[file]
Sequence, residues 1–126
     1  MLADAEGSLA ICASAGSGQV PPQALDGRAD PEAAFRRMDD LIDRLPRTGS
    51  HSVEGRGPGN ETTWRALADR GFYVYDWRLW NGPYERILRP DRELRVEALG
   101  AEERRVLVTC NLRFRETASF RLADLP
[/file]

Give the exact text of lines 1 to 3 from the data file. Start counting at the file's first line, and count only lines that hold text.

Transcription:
Sequence, residues 1–126
     1  MLADAEGSLA ICASAGSGQV PPQALDGRAD PEAAFRRMDD LIDRLPRTGS
    51  HSVEGRGPGN ETTWRALADR GFYVYDWRLW NGPYERILRP DRELRVEALG